It seems like all you ever get in the mail are bills, advertisements, occasionally a catalog…and oh, credit card offers. Can’t forget about those!
While the plethora of envelopes splashed with “limited time” and “apply now” might be annoying, there are a few reasons you might not want to toss them out.
What Are Preapproved Credit Card Offers?
Credit card companies regularly ask the main consumer credit bureaus (Equifax®, Experian™, and TransUnion®) for the names of people who meet a certain set of credit criteria.
If you’re on the list, a credit card company might assume you’re a good borrower and send you a preapproved credit card offer (also known as a prescreened or prequalified credit card offer) to encourage you to apply.
In other words, receiving one of these mail offers may indicate you’ve passed certain requirements set by the card issuer (which is possible even if you have “bad credit”). A preapproved offer does not guarantee you will be approved if you apply.
What’s the difference Between preapproved, prequalified, and prescreened?
In the world of credit cards, “preapproved,” “prequalified,” and “prescreened” are typically used interchangeably, fitting the definition we described above.
However, some credit card issuers and credit-related websites may differ in how they apply these terms, and this may lead to some confusion. They might also use these terms differently when it comes to mortgages and other lending products than they do with credit cards. Contact the issuer or website in question or check for an FAQ section if you’re uncertain.
On this page, we’re sticking with the first option, and using the terms as if they mean the same thing.
Where Can You Find Your Preapproved Credit Card Offers?
Ready to see which pre-approved credit card offers are available to you?
Often all you need to do is fill out a form with your name, street address, zip code, and the last four digits of your Social Security number.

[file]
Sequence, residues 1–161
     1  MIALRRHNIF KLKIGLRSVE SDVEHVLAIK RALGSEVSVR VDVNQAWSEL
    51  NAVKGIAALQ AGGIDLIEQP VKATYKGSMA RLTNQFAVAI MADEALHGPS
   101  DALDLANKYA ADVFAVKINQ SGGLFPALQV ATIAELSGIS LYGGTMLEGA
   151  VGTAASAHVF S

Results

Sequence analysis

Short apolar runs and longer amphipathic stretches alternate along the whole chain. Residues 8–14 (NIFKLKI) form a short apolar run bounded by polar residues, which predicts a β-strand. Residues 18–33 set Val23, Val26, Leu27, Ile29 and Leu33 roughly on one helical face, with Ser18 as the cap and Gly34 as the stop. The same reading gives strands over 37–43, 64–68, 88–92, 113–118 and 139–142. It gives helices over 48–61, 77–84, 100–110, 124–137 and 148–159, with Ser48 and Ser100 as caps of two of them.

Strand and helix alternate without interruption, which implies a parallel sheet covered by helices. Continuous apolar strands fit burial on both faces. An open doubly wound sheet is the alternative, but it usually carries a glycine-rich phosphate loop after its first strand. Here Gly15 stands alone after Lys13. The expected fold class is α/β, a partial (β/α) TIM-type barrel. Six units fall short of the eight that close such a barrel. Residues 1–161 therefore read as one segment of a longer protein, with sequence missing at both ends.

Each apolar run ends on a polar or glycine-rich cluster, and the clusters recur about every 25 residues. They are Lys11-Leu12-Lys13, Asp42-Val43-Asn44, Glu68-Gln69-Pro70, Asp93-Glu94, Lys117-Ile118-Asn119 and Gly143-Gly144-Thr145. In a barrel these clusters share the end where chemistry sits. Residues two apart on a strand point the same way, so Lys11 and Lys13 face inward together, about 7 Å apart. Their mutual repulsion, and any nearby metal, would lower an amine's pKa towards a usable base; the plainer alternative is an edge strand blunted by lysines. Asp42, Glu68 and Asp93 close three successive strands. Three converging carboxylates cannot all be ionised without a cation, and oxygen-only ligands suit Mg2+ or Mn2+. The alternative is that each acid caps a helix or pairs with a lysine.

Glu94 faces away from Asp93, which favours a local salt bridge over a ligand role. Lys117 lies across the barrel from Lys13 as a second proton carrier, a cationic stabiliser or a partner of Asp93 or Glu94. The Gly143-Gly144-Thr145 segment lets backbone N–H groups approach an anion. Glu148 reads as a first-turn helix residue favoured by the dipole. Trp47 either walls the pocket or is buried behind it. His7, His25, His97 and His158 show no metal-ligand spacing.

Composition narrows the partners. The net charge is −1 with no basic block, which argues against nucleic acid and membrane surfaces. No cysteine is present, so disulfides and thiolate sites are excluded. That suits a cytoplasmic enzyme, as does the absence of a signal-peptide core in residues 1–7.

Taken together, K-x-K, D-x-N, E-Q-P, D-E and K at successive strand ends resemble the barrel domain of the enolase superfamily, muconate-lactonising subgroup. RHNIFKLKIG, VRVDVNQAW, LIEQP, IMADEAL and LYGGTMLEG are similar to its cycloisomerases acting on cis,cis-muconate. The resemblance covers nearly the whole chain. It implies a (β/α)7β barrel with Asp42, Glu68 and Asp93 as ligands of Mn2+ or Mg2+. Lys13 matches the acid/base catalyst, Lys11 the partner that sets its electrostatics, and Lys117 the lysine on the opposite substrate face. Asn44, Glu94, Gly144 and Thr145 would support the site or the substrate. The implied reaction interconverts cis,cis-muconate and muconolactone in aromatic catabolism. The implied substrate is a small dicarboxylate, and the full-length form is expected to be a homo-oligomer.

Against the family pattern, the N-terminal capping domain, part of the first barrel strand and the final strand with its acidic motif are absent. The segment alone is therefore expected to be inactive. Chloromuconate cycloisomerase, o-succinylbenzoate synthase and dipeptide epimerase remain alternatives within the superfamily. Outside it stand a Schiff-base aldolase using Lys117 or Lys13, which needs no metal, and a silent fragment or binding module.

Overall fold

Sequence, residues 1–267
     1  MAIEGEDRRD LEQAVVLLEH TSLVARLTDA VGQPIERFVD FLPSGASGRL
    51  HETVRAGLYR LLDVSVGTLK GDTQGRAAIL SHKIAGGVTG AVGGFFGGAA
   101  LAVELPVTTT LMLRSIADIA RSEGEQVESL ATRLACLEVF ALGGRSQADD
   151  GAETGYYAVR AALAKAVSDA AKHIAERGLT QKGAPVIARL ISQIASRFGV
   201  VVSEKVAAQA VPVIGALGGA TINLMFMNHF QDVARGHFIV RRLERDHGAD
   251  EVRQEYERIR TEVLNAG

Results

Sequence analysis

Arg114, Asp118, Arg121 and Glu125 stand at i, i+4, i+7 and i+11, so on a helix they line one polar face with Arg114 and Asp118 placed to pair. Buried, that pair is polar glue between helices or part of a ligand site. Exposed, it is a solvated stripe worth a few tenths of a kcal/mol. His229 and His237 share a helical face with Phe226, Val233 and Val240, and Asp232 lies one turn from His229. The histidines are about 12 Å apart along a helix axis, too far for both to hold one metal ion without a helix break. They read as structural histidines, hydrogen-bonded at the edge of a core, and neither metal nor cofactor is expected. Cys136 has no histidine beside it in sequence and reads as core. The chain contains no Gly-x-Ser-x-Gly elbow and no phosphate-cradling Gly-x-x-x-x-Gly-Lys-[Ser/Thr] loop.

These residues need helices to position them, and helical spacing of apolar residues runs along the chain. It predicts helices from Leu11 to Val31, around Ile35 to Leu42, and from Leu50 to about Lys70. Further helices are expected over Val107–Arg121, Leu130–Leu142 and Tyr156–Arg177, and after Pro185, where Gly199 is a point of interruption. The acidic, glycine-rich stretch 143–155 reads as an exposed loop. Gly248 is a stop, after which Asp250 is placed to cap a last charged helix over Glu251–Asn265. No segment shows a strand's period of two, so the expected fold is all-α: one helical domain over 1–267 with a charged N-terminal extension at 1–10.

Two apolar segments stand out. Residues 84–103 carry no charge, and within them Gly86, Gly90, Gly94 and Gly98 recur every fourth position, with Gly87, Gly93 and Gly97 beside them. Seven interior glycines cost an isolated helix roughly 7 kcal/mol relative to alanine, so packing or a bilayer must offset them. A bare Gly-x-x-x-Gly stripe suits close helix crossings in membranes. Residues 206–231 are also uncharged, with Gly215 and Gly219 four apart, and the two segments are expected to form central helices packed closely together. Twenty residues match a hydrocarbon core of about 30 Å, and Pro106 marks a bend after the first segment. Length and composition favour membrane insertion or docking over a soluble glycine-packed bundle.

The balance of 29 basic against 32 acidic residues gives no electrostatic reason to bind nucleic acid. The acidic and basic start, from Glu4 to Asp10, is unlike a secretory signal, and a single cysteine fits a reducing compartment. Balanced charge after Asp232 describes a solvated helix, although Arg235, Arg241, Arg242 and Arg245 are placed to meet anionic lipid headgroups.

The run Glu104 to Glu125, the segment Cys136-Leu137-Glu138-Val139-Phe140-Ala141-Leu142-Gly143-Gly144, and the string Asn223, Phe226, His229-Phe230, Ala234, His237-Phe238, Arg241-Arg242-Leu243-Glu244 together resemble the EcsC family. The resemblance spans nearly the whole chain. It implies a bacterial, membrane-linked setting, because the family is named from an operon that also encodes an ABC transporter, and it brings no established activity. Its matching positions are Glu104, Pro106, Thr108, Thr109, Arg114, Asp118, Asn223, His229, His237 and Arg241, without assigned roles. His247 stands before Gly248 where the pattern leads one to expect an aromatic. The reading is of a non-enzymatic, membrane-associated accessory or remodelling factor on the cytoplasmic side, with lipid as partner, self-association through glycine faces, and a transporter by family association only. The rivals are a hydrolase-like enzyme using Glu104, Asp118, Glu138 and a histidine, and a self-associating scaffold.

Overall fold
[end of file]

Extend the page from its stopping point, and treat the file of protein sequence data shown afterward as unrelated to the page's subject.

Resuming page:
We’ve included the links to many of the major financial institutions’ credit card preapproval forms below.
- American Express
- Barclays (U.K. only, unavailable in the U.S.)
- Bank of America
- Capital One
- U.S. Bank
- Wells Fargo
Once you’ve seen which cards you qualify for, it’s time for the fun part: deciding which one you want to try to snag.
Insider tip: If you really want to dig into the details of how issuers decide to approve or deny applications, take a look at the Credit Card Approval/Denial Reporting Mega Thread over at Reddit.
How To Request Preapproved Credit Card Offers
What many people don’t know is you can actually request pre-qualification offers — you don’t need to wait for them to come to you.
It’s an easy process that only requires submitting some personal information on the credit card issuer’s website (check the links above).
When you make a request, the issuer will do a soft credit check. Then, if you’re eligible, you’ll be able to view the credit cards for which you’re pre-qualified. Sometimes they’ll be the same offers available to the general public, but in many cases, you’ll find a better deal.
What Are the Benefits of Preapproved Credit Card Offers?
There’s a decent chance you have a pile of preapproved credit card offers in your mailbox right this minute — but is there any reason you shouldn’t throw them out?
Yes! Here are two benefits to consider:
- You can reduce the impact of the card selection process by applying for just one card with high approval odds, rather than shopping around and applying for several.